DatasetSizeJTS TimeEarcut4j Time
Lake Superior3,478 vertices / 28 holes18 ms13 ms
Canada10,522 vertices35 ms26 ms
Complex polygon44,051 vertices / 125 holes1.1 s0.64 s
North America with Lakes115,206 vertices / 1,660 holes13.3 s5.4 s

So JTS ear clipping is not quite as fast as Earcut4j.  But it's still plenty fast enough for production use!

The triangulation algorithm is exposed as the PolygonTriangulator class (deliberately named after the effect, rather than the algorithm producing it).  Here's an example of the output:

Ear-Clipping Triangulation of Lake Superior

Constrained Delaunay Triangulation

The output of PolygonTriangulator is guaranteed to be a valid triangulation, but in the interests of performance it does not attempt to produce a high-quality one.  Triangulation quality is measured in terms of minimizing the number of "skinny" triangles (or equivalently, maximizing the sum of the interior angles).  Optimal quality is provided by Constrained Delaunay Triangulation (CDT).  In addition to being optimal in terms of triangle shape, the CDT has the nice properties of being (essentially) unique, and of accurately representing the structure of the input polygon.  It also removes the influence that Hole Joining holes has on the raw triangulation provided by Ear-Clipping.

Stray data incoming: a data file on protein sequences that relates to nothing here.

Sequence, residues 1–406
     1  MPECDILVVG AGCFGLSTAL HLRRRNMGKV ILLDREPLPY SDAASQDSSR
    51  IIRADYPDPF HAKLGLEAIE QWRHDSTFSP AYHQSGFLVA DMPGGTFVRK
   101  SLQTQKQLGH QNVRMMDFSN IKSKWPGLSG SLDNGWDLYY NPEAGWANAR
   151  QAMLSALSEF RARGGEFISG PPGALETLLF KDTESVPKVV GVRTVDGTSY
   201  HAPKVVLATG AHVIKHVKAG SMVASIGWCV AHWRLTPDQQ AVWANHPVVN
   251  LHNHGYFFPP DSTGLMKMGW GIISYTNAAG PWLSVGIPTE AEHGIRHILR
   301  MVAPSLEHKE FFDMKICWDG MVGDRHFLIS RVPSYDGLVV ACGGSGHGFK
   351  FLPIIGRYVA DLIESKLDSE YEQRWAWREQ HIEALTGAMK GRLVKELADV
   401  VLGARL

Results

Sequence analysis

I originally proposed that a CDT can be achieved by a Delaunay Improvement algorithm based on iterated triangle flipping.  It turned out that this technique is not only effective, but also pleasingly performant.  This is implemented in the ConstrainedDelaunayTriangulator class.  Running it on the example above shows the improvement obtained.  Note how there are fewer narrow triangles, and their arrangement more closely represents the structure of the polygon.

Constrained Delaunay Triangulation of Lake Superior

This code will appear in the next JTS version (1.18.3 or 1.19), and has already been released in GEOS 3.10.

Future Work

It seems possible to adapt the machinery for Ear Clipping to provide two other useful constructions: